Browsing 30 - 40 results of 59 programs from project - Science in the City
In this age of iPods and MP3s, the vinyl record (still) stands as an object of curiosity and ongoing admiration. What’s the real difference between a 78 and a 45? Why do they call it “cutting a record” when an album is recorded? Music enthusiast Wade Wright of San Francisco takes us back in time to explain the history and technology of vinyl records.
Beneath the 100-year-old piers that will soon house the new Exploratorium, highly specialized divers are working around the clock to repair and restore a part of the museum that most people will never see: the 1,200 concrete piles—sunk into the bay mud—that support the piers. San Francisco has more restaurants per capita than any other U.S. city, producing tasty meals—and thousands of gallons of used cooking oil. See how the SFGreasecycle program is turning this grease glut into fuel for the city's bus fleet.
Well, we tried our live webcast experiment and had some technical difficulties-there are always potential hazards when you make live programs. Nevertheless, here is the show, and we hope you enjoy it! Since there is rarely fog in the winter in San Francisco, Exploratorium Senior Science Educator, Scientist Eric Muller will create fog using Liquid Nitrogen just outside the Museum. At the southern end of the Golden Gate Bridge, a construction project to rebuild the elevated freeway ramp formerly known as Doyle Drive is underway. Senior bridge engineer John Walters tours us through some of the new seismic technologies being installed, including a seismic joint designed to handle several feet of longitudinal movement and a spherical bearing that allows for three-dimensional movement. Walters also points out a temporary structure built over the historic Presidio Pet Cemetery to protect the grave sites while providing a platform for the construction overhead. Have you ever wondered where your plastic bottle goes after you toss it in the recycling bin? Take a little trip with us to the San Leandro Waste Management facility, where Rebecca Jewell tours us through the complex world of residential recycling. In an unlikely corner of industrial southeastern San Francisco, a herd of 60 goats gambol on a 10-acre site ringed by a rail yard and a cement recycling plant. Meet the movers and munchers behind City Grazing, a local “rent-a-goat” service that provides an ecological alternative to lawn mowers and herbicides.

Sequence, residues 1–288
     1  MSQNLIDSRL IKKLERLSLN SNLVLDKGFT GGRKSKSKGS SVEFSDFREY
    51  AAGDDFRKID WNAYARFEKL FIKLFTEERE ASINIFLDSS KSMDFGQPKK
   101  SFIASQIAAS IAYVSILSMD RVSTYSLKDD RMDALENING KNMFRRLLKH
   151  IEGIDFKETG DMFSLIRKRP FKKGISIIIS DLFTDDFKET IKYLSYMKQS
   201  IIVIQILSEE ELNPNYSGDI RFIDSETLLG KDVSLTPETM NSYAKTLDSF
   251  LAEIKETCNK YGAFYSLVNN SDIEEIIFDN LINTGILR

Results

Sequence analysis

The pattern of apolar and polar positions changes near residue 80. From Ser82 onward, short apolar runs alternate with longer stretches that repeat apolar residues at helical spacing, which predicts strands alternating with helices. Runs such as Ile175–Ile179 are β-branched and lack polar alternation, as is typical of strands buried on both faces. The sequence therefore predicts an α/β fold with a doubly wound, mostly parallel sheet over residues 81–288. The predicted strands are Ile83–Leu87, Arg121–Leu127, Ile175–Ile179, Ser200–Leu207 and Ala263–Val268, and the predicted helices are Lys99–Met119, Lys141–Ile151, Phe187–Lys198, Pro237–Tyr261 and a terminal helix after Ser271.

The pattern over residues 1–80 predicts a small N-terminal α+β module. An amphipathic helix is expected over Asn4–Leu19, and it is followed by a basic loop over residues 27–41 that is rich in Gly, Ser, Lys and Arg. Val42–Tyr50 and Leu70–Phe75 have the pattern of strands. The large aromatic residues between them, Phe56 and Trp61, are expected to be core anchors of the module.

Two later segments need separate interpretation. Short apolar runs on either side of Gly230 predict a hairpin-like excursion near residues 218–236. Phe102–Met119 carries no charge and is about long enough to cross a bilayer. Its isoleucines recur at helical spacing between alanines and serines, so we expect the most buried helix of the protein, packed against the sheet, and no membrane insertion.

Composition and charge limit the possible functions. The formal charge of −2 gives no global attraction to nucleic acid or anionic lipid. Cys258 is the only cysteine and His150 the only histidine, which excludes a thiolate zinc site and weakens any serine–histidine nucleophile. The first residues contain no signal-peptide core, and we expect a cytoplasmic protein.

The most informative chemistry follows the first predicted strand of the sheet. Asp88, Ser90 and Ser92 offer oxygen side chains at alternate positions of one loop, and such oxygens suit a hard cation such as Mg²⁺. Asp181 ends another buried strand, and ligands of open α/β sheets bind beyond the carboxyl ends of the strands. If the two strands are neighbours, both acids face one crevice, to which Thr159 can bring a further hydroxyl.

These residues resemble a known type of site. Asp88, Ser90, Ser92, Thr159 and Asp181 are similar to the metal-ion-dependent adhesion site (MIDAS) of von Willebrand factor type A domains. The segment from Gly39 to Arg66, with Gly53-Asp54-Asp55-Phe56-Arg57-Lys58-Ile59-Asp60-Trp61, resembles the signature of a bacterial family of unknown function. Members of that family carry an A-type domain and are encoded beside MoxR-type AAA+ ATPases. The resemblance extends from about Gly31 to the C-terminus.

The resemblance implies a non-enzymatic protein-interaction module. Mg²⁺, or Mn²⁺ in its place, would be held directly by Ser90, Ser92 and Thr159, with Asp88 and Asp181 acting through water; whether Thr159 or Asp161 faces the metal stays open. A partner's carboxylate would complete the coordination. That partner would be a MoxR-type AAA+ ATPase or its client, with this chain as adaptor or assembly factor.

To learn more visit: http://citygrazing.com/ We all have an inner voice that pipes up now and then: "Don't eat that cake," it says, or "Where are my keys?" Does this type of self-talk serve any purpose? Recent research suggests that it does, helping us to build motivation and control impulses. Here, one man confronts the power—and the limitations—of his inner voice. Throughout history, tattoos have represented conquests, coming of age, religion, spirituality, art, and even punishment. Today, tattoos are alive and thriving as a form of personal expression. How have modern techniques changed this art form? What are best practices in tattoo creation and care? Why are tattoos permanent—and when are they not? Join us as we "talk tat" with artitsts Suzanne "Fishy" Shifflett and Tanya Wischerath of Modern Electric Tattoo in San Francisco. Monday is spiky. The number nine is orange. The letter F smells like smoke. Roughly one percent of people experience such blending of the senses, known as synesthesia. In this episode we meet Bryan Alvarez, a doctoral candidate at the University of California at Berkeley, who is researching the neural mechanisms of synesthesia in an effort to explain why only some of us experience this cognitive crosstalk.